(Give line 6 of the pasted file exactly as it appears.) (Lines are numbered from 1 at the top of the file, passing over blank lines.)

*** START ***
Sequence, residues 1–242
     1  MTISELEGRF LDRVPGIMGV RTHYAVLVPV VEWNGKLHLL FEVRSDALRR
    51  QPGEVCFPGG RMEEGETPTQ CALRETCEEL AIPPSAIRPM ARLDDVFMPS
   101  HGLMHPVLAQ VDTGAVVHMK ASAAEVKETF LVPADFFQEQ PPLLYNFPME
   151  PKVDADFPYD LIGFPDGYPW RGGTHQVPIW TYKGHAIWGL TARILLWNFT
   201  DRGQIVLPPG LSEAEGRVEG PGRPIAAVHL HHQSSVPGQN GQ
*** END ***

   201  DRGQIVLPPG LSEAEGRVEG PGRPIAAVHL HHQSSVPGQN GQ